If the coronavirus had hit seven years ago, I would have been terrified. I’m immunocompromised, but I’m also prone to anxiety and worst-case scenario thinking. I always tend to assume that if it is going to happen to someone then it is going to happen to me or the ones I love.
But then I had a child. And there’s nothing quite like having a child to make anxiety so much worse. Suddenly, I was faced with a decision: let it get worse, or learn to rise above it. More children came. And then I knew I only had one choice.
At the end of the day, we are all going to die. No amount of researching and scrolling or green juicing and intermittent fasting is going to prevent that. The question, as Gandalf so aptly put it, “is what to do with the time we are given.” For many of us, coronavirus will be a few weeks’ inconvenience, while some of us may face grimmer realities. But how will we all look back on this time? What will we have done with it?
I want to live this time well, regardless of the outcome. I want to protect my body and the bodies of my loved ones, but I also know that too much worry about the body leads to neglect of the spirit. We cannot neglect the spirit. After all, the spirit is the part of us that will not die.
Here are my suggestions on living well— on nurturing the spirit— during this time of crisis and uncertainty.
- Stop reading so much news. Read Kristin Lavransdatter (or another good fiction book) instead. Twitter and Facebook will continue to update by the moment. We do not have to read every single one of those updates and there is no question that being glued to them only causes more anxiety and unrest. I suggest a news check 4-5 times a day, or before you go out. In the meantime, pick up a good book about people who suffer heroically and find meaning and joy amidst their suffering. I suggest Kristin Lavransdatter, in particular, because it is set during the time of the Black Plague. They didn’t do a great job of taking care of the body (to their credit— they didn’t know much about it), but they had a very different approach to nurturing the spirit!
- Spend time with and check in on your loved ones. If you’re stuck at home and away from friends and colleagues, use this time to nurture your relationships with your family. If you’re both comfortable with it, visit extended family members. If you have older, vulnerable family members, call them frequently.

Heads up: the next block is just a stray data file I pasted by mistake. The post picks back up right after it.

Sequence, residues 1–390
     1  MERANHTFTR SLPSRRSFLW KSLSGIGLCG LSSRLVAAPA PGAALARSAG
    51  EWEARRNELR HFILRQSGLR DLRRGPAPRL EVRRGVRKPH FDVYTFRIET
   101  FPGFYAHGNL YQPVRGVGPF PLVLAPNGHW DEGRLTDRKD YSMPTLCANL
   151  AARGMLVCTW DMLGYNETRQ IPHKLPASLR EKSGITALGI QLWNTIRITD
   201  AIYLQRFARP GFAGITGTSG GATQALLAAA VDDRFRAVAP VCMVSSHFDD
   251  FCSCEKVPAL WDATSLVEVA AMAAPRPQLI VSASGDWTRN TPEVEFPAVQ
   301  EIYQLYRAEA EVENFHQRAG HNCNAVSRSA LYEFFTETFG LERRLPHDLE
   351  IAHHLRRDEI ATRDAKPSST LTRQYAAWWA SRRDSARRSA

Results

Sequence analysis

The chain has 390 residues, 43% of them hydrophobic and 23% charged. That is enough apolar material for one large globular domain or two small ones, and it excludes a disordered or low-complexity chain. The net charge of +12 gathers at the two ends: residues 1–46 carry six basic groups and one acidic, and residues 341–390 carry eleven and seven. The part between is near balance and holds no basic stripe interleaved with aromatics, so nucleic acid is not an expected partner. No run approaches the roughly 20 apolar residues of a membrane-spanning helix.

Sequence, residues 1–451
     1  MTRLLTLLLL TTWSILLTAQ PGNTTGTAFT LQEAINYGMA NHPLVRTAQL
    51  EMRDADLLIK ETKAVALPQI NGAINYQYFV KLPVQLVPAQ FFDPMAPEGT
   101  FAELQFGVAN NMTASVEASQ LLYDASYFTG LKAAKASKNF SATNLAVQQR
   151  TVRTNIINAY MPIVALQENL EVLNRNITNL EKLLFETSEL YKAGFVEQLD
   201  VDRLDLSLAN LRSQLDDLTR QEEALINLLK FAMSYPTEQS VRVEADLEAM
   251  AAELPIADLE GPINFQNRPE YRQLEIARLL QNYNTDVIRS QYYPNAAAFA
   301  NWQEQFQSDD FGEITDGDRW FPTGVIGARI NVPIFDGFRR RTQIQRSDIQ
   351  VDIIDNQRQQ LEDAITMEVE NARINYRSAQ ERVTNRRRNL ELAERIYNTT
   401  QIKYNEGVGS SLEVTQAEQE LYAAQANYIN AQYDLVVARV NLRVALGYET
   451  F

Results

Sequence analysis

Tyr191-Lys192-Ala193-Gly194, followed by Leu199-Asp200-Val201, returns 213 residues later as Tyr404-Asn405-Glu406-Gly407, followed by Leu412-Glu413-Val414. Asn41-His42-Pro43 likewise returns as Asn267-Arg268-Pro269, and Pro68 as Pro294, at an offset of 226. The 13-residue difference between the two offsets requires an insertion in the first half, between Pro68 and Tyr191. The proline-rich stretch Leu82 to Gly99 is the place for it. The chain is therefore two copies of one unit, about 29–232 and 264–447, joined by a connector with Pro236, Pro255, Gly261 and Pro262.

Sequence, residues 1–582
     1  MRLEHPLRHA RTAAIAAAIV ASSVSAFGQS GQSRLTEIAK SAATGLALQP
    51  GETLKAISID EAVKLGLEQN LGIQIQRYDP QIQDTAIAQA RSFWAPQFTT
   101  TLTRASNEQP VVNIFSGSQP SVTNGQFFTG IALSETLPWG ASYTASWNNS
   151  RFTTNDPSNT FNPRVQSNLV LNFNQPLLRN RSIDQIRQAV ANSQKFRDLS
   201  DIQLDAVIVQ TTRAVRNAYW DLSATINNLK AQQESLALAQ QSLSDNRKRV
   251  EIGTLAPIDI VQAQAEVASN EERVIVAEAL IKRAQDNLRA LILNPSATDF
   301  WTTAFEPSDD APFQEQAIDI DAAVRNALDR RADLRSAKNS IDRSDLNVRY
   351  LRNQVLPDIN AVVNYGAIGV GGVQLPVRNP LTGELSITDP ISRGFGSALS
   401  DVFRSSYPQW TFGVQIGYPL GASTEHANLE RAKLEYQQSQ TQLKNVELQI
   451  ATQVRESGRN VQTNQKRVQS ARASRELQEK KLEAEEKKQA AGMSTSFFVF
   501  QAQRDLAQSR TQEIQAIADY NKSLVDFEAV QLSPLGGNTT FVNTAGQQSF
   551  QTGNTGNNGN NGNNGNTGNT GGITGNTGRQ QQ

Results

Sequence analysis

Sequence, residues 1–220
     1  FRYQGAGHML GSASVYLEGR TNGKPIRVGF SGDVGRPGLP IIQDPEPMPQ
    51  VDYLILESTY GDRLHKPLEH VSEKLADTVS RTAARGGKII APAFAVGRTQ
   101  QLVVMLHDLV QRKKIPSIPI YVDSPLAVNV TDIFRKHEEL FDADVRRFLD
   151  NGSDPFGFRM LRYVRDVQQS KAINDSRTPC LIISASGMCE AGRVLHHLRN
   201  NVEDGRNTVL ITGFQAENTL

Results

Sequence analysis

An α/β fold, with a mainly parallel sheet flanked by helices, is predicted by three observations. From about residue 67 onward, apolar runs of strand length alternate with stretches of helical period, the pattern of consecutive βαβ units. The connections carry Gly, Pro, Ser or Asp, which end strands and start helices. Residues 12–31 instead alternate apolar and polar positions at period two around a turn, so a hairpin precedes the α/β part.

- Pray. Visit your Church if you’re not sick or vulnerable. There has been a lot of media coverage about Rome’s church closings. On the one hand, I understand it, practically. But, on the other hand, it makes me sad. There is something to be said for those saints of old who went out to be with the sick and the dying. There is something to be said for the prayerful procession ordered by Saint Gregory the Great during one of the plagues. I am not suggesting that churches not be careful. But let us not just abandon the spiritual life in order to protect the physical. That would be a grave and horrible mistake. There are creative ways to keep connected to your faith. It can be as simple as driving to your church and sitting in the car outside to say a prayer with your family.
- Get your life in order. Having canned food is important. But what about making sure you’ve reconciled grievances and dealt with wounds? The fatality rate is probably not relevant to most of us. But there are some for whom the coronavirus is a serious threat. We need to accept that reality. If you believe in the power of confession, go now, before the churches shut down. If you haven’t written a last will and testament or a letter of intent, maybe now is the time to do it.
- Stay cozy and soak up the little beauties of being homebound. Whether it’s tornado warnings or ice storms or family illness quarantines, being stuck at home can provide for some beautiful, precious memories. But with our constant access to the outside world, it is easy to escape the reality of being homebound and therefore, to never reap the benefits. I hope my children remember this as a time when we read extra books and watched extra movies and spent lots of time sitting on the deck together. I hope they remember this as a time when their parents were more present, not less. A time that brought us together and not apart. A time that we made the best of.